New Insight Into Chinese Olympic Program
Published on March 6th, 2016
by Alexander Smith, Reuters UK
China’s Xu Lijia, who won Olympic gold in 2012, says she will medal again at the Rio Games having made the “sudden” decision to get back into a dinghy.
Until last year the 28-year-old from Shanghai was studying at Southampton University in southern England, after drawing a line under her Olympic career following her 2012 Games victory further along the coast in the women’s Laser Radial class.
But seeing people out sailing, whatever the weather, and looking out over the water to the Isle of Wight inspired Xu, who calls herself “Lily”, to get back afloat.
“The Rio Olympic Games is just a new beginning of my active sailing life which is my ultimate goal… as well as promoting sailing in China,” Xu told Reuters.
“I’m going to grab another medal in 2016 in Brazil,” said Xu, who won bronze at Beijing in 2008 and whose 2012 achievement was recognised when she was selected as China’s flag bearer at the closing ceremony.
Xu’s book “Golden Lily“ about her journey through China’s grueling state training programme, which began when she was just 10, describes the pain of only being able to see her parents once a year under the strict regime athletes had to adhere to.
It also tells vividly of Xu’s personal battles with partial deafness, limited visibility in one eye, as well as the conflicts with her Chinese coaches after she signed up her own coach for 2012 via Facebook.
This led to an unorthodox coaching relationship via text and email with Briton Jon Emmett, who was barred from the athlete’s village but who Xu says gave her the winning tactical advice.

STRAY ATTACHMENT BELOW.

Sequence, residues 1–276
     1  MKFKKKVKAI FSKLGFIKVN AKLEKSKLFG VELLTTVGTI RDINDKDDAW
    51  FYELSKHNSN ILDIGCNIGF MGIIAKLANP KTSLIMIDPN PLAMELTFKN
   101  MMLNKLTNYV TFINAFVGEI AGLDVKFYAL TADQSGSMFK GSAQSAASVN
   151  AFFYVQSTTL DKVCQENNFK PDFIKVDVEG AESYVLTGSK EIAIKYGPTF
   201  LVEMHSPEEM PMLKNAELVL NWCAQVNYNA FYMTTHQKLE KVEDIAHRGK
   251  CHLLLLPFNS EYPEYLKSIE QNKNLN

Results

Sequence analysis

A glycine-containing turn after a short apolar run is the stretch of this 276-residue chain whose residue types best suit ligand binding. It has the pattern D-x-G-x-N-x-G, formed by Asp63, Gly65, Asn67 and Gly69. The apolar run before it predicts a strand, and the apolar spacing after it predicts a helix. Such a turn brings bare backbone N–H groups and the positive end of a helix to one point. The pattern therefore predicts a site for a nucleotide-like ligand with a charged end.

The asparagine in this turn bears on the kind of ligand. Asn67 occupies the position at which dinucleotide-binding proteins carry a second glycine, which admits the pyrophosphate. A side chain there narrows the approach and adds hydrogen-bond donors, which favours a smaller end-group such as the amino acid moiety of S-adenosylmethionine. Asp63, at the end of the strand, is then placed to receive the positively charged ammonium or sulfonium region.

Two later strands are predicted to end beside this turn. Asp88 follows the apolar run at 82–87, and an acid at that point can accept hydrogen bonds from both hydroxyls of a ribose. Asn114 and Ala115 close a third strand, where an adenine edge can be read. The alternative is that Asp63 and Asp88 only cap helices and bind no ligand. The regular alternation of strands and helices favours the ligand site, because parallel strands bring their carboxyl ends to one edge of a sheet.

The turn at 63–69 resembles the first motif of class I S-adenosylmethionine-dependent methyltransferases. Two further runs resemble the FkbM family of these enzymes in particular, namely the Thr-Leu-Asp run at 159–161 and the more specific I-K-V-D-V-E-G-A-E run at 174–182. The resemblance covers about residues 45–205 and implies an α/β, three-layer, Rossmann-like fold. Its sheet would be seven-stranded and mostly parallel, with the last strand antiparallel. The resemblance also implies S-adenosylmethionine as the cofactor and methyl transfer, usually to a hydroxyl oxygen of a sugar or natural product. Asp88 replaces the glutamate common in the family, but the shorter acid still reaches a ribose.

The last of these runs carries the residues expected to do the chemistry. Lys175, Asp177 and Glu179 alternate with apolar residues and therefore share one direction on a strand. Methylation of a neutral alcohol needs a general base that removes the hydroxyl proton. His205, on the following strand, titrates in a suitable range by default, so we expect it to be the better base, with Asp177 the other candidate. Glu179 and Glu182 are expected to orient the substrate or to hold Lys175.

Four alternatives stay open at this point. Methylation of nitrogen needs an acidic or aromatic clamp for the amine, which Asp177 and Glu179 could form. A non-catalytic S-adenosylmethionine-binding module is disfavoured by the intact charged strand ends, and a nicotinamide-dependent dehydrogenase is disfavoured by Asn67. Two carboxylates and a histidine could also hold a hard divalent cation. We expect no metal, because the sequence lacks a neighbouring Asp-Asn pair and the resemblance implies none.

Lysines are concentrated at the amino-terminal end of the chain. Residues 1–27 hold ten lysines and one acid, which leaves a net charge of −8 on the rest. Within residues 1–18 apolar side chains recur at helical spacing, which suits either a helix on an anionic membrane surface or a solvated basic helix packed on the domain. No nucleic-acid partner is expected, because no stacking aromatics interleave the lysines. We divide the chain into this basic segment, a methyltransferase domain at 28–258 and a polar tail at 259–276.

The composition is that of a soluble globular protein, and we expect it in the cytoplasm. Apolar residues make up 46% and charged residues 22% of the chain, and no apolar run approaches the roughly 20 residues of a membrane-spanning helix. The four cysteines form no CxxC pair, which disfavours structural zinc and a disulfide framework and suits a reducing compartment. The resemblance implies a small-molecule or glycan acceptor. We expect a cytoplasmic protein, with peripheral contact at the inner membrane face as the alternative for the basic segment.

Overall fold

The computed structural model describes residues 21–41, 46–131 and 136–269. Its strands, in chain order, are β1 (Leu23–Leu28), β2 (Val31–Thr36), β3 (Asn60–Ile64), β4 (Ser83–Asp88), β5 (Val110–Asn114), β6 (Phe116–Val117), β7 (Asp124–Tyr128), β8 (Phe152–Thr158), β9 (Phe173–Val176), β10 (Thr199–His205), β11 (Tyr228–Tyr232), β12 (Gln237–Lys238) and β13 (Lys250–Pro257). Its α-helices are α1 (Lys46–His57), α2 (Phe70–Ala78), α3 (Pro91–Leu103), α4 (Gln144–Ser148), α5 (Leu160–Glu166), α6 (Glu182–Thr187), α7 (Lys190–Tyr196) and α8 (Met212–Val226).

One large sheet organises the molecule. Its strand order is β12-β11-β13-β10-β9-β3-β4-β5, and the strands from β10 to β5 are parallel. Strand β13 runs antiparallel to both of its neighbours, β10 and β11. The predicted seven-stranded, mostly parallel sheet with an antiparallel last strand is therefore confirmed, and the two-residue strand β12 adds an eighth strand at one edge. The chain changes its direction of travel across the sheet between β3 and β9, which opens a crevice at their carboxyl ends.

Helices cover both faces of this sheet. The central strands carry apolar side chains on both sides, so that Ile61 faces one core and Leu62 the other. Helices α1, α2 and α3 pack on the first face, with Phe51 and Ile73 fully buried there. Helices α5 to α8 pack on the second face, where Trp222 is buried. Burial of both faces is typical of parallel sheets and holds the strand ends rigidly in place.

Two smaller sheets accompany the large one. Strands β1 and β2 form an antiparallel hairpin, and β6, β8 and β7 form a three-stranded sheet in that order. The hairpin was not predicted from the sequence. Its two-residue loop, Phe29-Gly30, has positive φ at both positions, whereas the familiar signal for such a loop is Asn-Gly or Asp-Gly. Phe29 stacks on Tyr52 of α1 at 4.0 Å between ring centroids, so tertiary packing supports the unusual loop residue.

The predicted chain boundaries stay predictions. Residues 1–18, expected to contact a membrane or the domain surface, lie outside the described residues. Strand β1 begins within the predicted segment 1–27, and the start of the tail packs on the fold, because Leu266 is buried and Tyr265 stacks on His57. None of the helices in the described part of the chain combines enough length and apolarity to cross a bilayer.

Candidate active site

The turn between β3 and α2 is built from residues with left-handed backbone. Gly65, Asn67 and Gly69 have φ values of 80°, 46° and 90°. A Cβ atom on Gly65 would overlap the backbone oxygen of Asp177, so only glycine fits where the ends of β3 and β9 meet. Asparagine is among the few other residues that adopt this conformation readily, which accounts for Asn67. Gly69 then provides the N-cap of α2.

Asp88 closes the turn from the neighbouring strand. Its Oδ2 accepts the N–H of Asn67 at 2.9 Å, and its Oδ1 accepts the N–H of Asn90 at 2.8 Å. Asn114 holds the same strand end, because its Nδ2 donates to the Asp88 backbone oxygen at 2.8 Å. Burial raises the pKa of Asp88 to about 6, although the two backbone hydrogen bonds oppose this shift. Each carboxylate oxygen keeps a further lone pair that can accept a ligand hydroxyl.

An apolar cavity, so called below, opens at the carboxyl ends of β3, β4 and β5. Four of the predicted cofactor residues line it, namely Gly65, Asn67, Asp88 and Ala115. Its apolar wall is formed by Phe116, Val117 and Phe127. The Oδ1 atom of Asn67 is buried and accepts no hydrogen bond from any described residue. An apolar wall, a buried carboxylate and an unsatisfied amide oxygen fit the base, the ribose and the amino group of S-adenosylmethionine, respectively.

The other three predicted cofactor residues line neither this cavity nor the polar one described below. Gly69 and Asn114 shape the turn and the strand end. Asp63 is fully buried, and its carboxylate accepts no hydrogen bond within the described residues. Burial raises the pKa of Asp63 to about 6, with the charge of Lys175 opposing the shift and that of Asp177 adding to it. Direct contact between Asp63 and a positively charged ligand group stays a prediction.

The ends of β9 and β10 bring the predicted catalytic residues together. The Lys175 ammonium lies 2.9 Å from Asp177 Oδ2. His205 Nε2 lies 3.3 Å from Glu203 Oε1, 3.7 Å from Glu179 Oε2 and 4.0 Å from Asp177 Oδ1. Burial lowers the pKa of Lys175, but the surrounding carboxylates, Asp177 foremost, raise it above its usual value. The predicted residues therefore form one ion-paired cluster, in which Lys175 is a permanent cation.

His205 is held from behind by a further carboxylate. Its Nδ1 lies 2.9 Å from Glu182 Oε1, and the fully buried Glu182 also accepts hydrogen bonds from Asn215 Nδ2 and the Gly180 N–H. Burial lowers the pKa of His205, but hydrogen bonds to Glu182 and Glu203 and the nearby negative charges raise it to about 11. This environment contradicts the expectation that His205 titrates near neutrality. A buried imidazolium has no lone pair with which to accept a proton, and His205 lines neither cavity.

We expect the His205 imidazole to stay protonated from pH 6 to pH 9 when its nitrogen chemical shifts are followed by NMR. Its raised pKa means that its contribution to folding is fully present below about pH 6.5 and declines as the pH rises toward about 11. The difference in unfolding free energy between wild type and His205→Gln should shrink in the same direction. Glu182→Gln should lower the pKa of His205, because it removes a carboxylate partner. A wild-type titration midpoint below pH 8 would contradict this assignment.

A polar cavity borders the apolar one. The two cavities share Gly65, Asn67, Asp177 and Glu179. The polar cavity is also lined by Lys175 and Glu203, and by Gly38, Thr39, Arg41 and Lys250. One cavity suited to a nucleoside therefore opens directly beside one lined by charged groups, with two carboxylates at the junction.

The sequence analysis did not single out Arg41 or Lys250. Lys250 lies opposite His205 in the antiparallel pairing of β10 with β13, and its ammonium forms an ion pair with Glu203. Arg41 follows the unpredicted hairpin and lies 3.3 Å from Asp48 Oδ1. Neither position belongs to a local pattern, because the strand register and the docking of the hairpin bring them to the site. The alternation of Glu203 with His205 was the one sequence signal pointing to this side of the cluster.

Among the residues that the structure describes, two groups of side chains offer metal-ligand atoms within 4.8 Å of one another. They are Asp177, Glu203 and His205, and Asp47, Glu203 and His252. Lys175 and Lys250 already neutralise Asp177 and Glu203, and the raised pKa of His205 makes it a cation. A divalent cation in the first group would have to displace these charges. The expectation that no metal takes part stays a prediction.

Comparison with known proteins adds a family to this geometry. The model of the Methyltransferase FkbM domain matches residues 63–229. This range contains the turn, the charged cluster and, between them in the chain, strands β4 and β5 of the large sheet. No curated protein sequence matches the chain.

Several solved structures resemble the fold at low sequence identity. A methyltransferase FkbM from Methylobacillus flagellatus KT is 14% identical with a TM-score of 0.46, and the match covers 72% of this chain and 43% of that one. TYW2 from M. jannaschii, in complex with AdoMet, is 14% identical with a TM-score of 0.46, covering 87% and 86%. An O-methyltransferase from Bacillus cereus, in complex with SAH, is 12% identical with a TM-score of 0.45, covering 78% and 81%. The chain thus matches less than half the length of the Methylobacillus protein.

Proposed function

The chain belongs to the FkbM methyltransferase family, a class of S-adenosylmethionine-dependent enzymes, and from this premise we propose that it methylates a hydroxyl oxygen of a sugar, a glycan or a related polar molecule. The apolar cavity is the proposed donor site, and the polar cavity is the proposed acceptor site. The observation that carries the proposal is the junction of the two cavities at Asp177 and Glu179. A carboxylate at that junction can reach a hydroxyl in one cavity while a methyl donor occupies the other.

Xu said she has not yet been confirmed to represent China, but she has teamed up again with Emmett for her bid to make the Chinese team.
She is staging her campaign for selection outside China, albeit with financial support from Beijing and her home city of Shanghai.
“I really appreciate their help and hopefully I can go even further than Rio,” she said, adding she has “more freedom” and can learn more from sailing books with her improved English.
China has already qualified for the Games, so as long as Xu is its best sailor in the Laser Radial she should be bound for Rio.
Xu plans to spend as much time as she can on the water between now and the Games, in Rio and at regattas around the world. Although she was “very ill” when she first sailed in the polluted waters of Rio’s Guanabara Bay, Xu thinks she has built up an immunity.
The silver and bronze medallists in the London Games, Dutch sailor Marit Bouwmeester and Belgian Evi Van Acker, are still her closest rivals, Xu said, adding that techniques are more physical than four years ago.
Beyond Rio, Xu sees her future in sailing, possibly as a professional in offshore yachting and wants to focus on getting more people in Asia and China into the “life-long” sport.
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